Roger This: 10 Social Media Lessons from the Chapel Hill Police - 1

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The entrance to my neighborhood sits atop one of the many large hills in Chapel Hill.

As you crest the hill, there's a good chance you'll see a squad car perched at the intersection. It points out to Highway 54, with the radar gun leveled across the window sill. And if you follow @ChapelHillPD on Twitter, you already know to slow down.

That's right, the Chapel Hill Police Department frequently, but not always, tweets out when and where it'll be enforcing the speed limit.

To figure out why the CHPD might do something so awesome yet so unconventional, I sat down with Sgt. Bryan Walker, who manages its social media presence. As I planned for the interview, I realized that this was the first interview with a police officer where I've been asking the questions. How the times have changed.

Within minutes of our conversation, Sgt. Walker starts dropping lesson after lesson on marketing. All of us tech-savvy, startup prima donna, self-proclaimed "gurus" were getting schooled.

Here's what we can learn from the Chapel Hill Police Department about social media and marketing:

Go Against The Grain
Roger This: 10 Social Media Lessons from the Chapel Hill Police - 2
Public offices and officials historically see little value in marketing and branding themselves. Why should they? There's no immediate, visible incentive. The Chapel Hill PD felt compelled to go against the grain. The officers wanted to reach new audiences otherwise untapped by law enforcement. They also wanted positive ways to engage with the town's residents. Think about it...most interactions with the police usually aren't positive. Going against "conventional wisdom" allows them to reach thousands of people a day and noticeably stand out.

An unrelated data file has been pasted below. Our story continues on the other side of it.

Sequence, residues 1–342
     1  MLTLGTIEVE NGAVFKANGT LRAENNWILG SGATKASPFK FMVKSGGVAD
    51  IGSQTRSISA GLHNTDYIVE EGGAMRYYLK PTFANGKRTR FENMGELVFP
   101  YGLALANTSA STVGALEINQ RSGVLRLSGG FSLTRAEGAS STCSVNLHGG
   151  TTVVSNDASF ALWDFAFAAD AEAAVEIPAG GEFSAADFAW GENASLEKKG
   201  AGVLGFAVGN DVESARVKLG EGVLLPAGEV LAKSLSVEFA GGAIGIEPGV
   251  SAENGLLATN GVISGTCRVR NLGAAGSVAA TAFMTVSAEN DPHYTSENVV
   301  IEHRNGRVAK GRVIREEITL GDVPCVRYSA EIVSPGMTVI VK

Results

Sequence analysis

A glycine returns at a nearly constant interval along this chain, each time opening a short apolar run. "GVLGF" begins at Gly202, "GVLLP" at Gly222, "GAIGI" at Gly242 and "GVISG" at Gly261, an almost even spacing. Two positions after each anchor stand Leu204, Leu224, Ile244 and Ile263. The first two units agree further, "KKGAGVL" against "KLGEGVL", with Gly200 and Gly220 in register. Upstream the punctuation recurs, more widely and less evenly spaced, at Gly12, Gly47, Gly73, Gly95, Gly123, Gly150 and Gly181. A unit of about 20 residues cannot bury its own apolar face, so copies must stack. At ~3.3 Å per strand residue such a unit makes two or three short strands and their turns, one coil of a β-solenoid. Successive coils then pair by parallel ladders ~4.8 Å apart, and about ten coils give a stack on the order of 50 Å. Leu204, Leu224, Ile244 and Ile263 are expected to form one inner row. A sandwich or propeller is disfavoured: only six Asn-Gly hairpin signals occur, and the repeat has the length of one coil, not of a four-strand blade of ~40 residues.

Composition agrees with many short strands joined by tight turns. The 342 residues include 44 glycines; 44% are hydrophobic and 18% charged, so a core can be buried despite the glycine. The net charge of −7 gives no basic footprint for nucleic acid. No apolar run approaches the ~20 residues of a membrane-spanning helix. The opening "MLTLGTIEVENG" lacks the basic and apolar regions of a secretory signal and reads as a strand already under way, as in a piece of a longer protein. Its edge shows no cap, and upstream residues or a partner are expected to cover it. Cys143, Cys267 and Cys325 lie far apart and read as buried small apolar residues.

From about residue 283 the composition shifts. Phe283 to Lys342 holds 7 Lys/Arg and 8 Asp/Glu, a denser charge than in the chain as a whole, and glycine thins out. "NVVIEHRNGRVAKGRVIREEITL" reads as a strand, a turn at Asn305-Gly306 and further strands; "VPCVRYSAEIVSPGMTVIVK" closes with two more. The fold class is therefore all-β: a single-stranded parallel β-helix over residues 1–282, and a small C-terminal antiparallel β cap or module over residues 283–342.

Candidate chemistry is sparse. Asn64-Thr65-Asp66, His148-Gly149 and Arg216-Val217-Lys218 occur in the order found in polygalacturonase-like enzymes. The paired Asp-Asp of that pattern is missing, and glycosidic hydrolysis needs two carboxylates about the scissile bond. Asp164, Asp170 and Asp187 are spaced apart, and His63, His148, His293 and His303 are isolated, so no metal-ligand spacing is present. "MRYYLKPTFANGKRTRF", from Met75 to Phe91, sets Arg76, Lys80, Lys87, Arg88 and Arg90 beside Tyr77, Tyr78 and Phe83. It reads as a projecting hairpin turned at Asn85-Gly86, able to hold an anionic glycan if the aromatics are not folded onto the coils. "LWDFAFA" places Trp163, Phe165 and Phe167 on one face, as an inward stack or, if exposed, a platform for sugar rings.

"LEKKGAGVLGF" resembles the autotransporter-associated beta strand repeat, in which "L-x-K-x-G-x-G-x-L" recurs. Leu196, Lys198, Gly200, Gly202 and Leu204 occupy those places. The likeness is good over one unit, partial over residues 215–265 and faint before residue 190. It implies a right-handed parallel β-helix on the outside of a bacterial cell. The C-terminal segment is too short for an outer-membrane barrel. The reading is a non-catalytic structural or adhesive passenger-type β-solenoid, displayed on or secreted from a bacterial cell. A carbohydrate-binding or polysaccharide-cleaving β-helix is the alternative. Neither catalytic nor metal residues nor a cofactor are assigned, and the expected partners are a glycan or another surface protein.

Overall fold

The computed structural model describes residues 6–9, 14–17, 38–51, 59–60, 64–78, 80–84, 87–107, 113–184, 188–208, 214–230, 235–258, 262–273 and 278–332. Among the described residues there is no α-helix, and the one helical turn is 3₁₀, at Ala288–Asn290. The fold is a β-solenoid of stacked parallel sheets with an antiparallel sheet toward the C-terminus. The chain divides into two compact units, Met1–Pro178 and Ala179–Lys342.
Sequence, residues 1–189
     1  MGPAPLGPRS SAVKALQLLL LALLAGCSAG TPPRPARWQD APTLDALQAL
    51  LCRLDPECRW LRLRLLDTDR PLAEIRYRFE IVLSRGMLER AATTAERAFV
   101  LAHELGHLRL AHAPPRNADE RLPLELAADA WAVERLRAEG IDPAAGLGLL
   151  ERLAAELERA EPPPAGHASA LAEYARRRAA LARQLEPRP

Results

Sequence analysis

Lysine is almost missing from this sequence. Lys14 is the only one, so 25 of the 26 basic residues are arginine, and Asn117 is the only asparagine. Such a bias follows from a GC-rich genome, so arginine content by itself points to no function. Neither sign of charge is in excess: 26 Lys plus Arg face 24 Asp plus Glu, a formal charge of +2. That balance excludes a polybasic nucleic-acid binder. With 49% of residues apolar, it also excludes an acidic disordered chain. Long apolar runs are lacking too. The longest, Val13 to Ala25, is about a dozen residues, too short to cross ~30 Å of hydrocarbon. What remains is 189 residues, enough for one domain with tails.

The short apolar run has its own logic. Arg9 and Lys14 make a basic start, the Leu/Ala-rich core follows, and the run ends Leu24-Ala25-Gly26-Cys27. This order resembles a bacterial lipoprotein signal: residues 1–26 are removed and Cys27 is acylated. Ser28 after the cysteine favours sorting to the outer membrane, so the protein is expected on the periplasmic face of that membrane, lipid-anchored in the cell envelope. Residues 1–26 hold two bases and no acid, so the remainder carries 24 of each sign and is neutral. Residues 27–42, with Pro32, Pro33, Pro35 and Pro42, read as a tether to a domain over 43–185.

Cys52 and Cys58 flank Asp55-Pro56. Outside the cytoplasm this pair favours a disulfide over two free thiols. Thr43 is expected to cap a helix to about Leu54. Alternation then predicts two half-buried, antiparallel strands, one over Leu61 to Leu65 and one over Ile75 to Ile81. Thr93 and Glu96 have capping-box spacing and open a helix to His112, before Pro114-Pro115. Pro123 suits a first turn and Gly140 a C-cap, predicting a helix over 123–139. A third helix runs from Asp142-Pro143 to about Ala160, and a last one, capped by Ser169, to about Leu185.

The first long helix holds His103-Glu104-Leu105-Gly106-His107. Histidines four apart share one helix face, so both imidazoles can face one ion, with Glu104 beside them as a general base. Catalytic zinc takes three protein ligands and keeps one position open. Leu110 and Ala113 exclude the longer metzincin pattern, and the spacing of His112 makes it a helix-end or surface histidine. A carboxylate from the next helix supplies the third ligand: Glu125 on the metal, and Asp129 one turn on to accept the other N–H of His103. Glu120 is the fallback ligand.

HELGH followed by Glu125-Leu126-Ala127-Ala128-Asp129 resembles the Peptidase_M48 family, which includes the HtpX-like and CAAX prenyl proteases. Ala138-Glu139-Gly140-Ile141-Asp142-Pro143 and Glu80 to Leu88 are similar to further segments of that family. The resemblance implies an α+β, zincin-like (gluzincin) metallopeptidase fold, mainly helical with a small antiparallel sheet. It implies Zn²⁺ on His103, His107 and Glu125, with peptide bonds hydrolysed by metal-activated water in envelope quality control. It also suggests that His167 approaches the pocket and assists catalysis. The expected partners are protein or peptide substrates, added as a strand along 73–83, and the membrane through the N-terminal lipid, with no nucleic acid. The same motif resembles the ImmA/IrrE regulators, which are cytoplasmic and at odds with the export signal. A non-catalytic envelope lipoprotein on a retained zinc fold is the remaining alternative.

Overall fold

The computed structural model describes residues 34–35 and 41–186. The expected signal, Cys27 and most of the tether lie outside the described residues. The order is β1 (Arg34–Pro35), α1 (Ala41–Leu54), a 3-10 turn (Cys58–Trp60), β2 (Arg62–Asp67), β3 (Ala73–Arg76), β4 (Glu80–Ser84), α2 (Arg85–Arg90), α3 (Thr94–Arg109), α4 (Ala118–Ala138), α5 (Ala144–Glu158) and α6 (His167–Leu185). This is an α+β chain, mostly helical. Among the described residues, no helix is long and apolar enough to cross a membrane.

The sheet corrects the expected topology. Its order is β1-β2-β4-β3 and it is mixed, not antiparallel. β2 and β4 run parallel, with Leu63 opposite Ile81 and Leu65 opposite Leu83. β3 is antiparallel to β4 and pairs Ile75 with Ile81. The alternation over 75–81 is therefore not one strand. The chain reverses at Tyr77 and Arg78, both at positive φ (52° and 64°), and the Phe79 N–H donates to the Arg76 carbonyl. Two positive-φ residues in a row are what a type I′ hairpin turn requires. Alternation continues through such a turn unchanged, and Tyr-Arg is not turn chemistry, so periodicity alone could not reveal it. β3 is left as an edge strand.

Get Buy-in
Both the town and police department leadership support social media as a way to re-shape the town's image. This is no accident. While the town may be considered "progressive" by some (go ahead, insert your favorite Chapel Hill joke here), Sgt. Walker built buy-in initially, and repeatedly over time from its constituents. Buy-in means better chance of success.

Chart your own destiny
No one grants you permission to come up with new ideas. You only need permission from yourself. Sgt. Walker wrote the job description for which he ultimately was promoted to tackle. This is a fantastic strategy. If you want something from someone else, tell them everything you're going to do to help them, instead of asking for a handout.

Roger This: 10 Social Media Lessons from the Chapel Hill Police - 3
Emulate what's working for others.
Don't feel compelled to build every new concept and creative idea from scratch. Emulate peers whom you admire. Prior to launching their social media strategy, The Chapel Hill PD discussed at length what attitude they wanted to convey online. They admired the Seattle police force's use of social media, so they borrowed its helpful yet playful style. At a 2013 marijuana rally, Seattle's finest gave away bags of Doritos adorned with "You might be hungry" stickers explaining the new rules about legalization, while tweeting out #OperationOrangeFingers. Genius!